Sri Lanka bombings: eight arrests after eight explosions kill 207, injure hundreds in bloody Easter Sunday attacks
- Eighth blast said to be a suicide bombing in a home that was being searched by police
- Sri Lanka’s most senior Catholic figure called on the government to find the attackers and ‘punish them mercilessly’
Sri Lanka was locked down under a nationwide curfew yesterday as authorities launched a massive security operation following a wave of coordinated bombings at churches and hotels that left more than 200 people dead and hundreds injured.
Prime Minister Ranil Wickremesinghe condemned the attacks – which also killed dozens of foreigners, including two mainland Chinese.
His government shut down social media networks in an attempt to clamp down on the spread of misinformation, while some officials admitted they had no idea who was behind the devastation – the worst the country had seen since the civil war that ended in 2009.
The first six explosions were reported within a short period in the morning just as churches were beginning their Easter Sunday services and hotel guests ate breakfast.
They were followed by two blasts about two hours later – one near a zoo and another in suburban Colombo.
One of the initial explosions in the capital Colombo was at St Anthony’s Shrine, a Catholic church in Kochchikade – a popular tourist spot.
Police spokesman Ruwan Gunasekera said the death toll was at least 207, with more than 450 people wounded. Eight people had been arrested.
Ravinatha Aryasinha, secretary to the foreign ministry, told reporters there were 27 bodies of suspected foreign nationals in the Colombo National Hospital.
Hospital sources said British, Dutch and American citizens had been killed, with Britons and Japanese also injured. Beijing media reported two Chinese citizens were among the dead.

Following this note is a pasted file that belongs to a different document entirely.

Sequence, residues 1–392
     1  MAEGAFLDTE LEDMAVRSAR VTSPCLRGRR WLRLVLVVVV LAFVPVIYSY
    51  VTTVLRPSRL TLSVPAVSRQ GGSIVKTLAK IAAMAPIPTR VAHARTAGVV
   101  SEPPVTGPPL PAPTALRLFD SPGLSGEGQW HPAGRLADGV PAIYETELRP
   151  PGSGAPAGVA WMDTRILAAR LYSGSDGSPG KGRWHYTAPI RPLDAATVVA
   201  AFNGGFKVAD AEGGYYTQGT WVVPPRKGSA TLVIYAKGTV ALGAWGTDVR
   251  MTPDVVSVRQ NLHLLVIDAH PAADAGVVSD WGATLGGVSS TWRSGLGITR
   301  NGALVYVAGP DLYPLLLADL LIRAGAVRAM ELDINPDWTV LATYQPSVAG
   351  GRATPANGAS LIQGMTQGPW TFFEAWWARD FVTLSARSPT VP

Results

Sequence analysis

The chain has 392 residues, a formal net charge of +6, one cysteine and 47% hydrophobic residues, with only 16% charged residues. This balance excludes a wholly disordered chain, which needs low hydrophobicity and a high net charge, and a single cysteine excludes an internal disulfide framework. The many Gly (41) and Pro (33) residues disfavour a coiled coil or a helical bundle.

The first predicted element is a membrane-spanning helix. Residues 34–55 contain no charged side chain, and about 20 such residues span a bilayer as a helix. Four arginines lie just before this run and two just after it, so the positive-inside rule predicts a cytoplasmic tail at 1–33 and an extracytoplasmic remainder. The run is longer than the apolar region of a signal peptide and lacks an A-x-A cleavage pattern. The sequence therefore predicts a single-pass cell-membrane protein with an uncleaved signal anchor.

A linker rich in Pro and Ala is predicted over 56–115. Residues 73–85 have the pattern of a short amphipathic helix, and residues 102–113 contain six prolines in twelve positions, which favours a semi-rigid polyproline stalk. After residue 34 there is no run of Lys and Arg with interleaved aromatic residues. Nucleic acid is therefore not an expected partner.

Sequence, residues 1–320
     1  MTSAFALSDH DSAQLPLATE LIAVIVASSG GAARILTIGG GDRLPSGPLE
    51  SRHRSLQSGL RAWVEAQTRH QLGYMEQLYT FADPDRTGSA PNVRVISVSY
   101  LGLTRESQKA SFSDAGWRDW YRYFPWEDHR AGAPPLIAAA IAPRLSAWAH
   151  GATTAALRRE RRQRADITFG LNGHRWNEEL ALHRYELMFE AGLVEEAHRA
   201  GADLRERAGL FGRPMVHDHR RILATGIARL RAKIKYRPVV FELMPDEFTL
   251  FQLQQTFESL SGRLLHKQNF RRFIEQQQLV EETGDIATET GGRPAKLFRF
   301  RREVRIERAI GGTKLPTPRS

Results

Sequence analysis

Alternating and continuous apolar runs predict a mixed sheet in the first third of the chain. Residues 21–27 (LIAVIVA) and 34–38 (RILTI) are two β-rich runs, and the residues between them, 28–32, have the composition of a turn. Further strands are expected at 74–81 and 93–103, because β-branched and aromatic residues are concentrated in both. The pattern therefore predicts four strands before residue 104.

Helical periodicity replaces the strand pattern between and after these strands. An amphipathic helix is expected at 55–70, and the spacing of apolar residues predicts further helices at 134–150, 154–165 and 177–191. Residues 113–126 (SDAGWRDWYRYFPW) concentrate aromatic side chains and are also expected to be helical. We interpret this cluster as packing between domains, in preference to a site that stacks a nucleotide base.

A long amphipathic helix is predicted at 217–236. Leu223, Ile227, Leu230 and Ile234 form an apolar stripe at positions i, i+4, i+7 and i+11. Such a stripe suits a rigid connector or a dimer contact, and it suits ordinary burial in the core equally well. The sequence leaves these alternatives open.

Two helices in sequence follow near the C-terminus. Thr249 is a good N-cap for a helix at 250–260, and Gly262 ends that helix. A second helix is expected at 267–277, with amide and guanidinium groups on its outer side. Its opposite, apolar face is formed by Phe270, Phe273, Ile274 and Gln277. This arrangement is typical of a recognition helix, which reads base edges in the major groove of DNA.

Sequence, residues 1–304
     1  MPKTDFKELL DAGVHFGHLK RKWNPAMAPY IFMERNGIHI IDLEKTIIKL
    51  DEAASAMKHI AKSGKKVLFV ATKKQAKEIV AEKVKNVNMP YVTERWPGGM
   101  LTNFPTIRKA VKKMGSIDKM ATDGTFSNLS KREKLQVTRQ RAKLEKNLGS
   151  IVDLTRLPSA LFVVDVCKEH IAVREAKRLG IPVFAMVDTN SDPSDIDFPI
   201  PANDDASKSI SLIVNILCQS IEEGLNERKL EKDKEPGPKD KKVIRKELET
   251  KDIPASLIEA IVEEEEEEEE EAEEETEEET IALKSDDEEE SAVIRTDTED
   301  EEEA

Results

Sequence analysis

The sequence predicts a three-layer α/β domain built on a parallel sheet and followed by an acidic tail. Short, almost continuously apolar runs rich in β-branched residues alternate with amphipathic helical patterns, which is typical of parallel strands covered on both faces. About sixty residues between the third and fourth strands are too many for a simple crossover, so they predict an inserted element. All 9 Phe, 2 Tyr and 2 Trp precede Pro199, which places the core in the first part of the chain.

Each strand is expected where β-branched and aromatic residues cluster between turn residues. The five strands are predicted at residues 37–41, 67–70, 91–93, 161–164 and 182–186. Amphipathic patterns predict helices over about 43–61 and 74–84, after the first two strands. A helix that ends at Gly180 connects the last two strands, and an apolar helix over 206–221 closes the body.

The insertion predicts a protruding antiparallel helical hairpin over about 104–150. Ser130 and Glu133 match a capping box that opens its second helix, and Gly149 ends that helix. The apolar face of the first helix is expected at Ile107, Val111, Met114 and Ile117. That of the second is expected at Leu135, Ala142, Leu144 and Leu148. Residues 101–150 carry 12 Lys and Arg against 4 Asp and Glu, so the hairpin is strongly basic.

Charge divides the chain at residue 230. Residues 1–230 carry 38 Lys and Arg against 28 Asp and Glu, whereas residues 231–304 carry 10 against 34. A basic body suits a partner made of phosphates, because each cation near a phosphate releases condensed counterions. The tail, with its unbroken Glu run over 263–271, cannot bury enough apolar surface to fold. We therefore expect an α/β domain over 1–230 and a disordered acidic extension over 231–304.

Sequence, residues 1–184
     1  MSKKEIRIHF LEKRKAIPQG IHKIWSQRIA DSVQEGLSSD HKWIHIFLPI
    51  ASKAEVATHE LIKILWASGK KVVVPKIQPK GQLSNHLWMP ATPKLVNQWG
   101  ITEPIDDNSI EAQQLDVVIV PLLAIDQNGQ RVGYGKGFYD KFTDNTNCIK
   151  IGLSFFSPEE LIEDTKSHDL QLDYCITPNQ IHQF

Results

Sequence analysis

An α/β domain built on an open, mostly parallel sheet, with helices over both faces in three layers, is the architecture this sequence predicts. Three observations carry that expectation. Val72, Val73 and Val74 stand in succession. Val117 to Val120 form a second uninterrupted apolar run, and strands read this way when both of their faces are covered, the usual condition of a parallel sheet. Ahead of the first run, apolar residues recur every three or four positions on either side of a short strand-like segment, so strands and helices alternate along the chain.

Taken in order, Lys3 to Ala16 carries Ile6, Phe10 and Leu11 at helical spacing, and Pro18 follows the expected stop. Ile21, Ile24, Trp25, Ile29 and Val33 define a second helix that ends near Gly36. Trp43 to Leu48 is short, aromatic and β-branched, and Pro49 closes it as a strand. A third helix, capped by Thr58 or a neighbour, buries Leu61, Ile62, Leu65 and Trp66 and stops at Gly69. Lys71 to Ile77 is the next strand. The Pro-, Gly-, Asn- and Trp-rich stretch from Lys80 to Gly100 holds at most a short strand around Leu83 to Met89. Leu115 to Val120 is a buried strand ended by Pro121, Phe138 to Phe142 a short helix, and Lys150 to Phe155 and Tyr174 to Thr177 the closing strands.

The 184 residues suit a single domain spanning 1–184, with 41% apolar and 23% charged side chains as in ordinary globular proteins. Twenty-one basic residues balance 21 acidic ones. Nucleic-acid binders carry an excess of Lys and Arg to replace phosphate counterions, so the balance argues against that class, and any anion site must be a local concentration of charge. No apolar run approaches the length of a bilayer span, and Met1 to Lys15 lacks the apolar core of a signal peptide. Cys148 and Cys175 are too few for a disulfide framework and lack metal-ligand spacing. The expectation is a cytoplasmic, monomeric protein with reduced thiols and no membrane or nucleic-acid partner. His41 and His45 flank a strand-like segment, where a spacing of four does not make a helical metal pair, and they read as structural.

Sri Lanka’s Minister of Economic Reforms and Public Distribution, Harsha de Silva, said he had been to two of the attacked hotels and was at the scene at St Anthony’s, where he described “horrible scenes”.
“I saw many body parts strewn all over,” he tweeted, adding that there were “many casualties including foreigners”.
There were no immediate claims of responsibility for the blasts, but documents seen by AFP show that Sri Lanka’s police chief Pujuth Jayasundara issued an intelligence alert to top officers 10 days ago, warning that suicide bombers planned to hit “prominent churches”.
“A foreign intelligence agency has reported that the NTJ [National Thowheeth Jama’ath] is planning to carry out suicide attacks targeting prominent churches as well as the Indian high commission in Colombo,” the alert said. The NTJ is a radical Muslim group in Sri Lanka that was linked last year to the vandalisation of Buddhist statues.
The first blast was reported at St Anthony’s, followed by a second deadly explosion at St Sebastian’s in Negombo.
Witnesses at St Anthony’s saw bodies lying on the floor, some draped with scarves and clothes.
Much of the church roof was blown out in the explosion, with roof tiles, glass and splintered wood littering the floor along with pools of blood. N. A. Sumanapala was at his shop near the church when the blast happened. “I ran inside to help. The priest came out and he was covered in blood,” he said.
Soon after, police confirmed a third church in the east-coast town of Batticaloa had been hit, along with three high-end hotels in the capital – the Cinnamon Grand, the Shangri-La and the Kingsbury.
Later in the afternoon, two died in a strike at the Tropical Inn hotel in the south of Colombo, while a police source said a suicide bomber killed three officers in the suburb of Dematagoda in the north of the capital.
President Maithripala Sirisena said he was shocked by the explosions and appealed for calm.
On Twitter, Wickremesinghe – who visited St Anthony’s Shrine late yesterday – wrote: “I strongly condemn the cowardly attacks on our people today. I call upon all Sri Lankans during this tragic time to remain united and strong.”
The Catholic Archbishop of Colombo, Malcolm Ranjith, described those behind the attacks as “animals” and called on the authorities to “punish them mercilessly”.
United States President Donald Trump tweeted his condolences on the “horrible terrorist attacks”, and Pope Francis in his Easter address at the Vatican spoke of his “affectionate closeness with the Christian community, attacked while it was at prayer”.
Embassies in Colombo warned their citizens to shelter in place, and Sri Lankan Airlines told customers to arrive at the airport four hours ahead of flights because of ramped-up security.
Agence France-Presse, Reuters, The Washington Post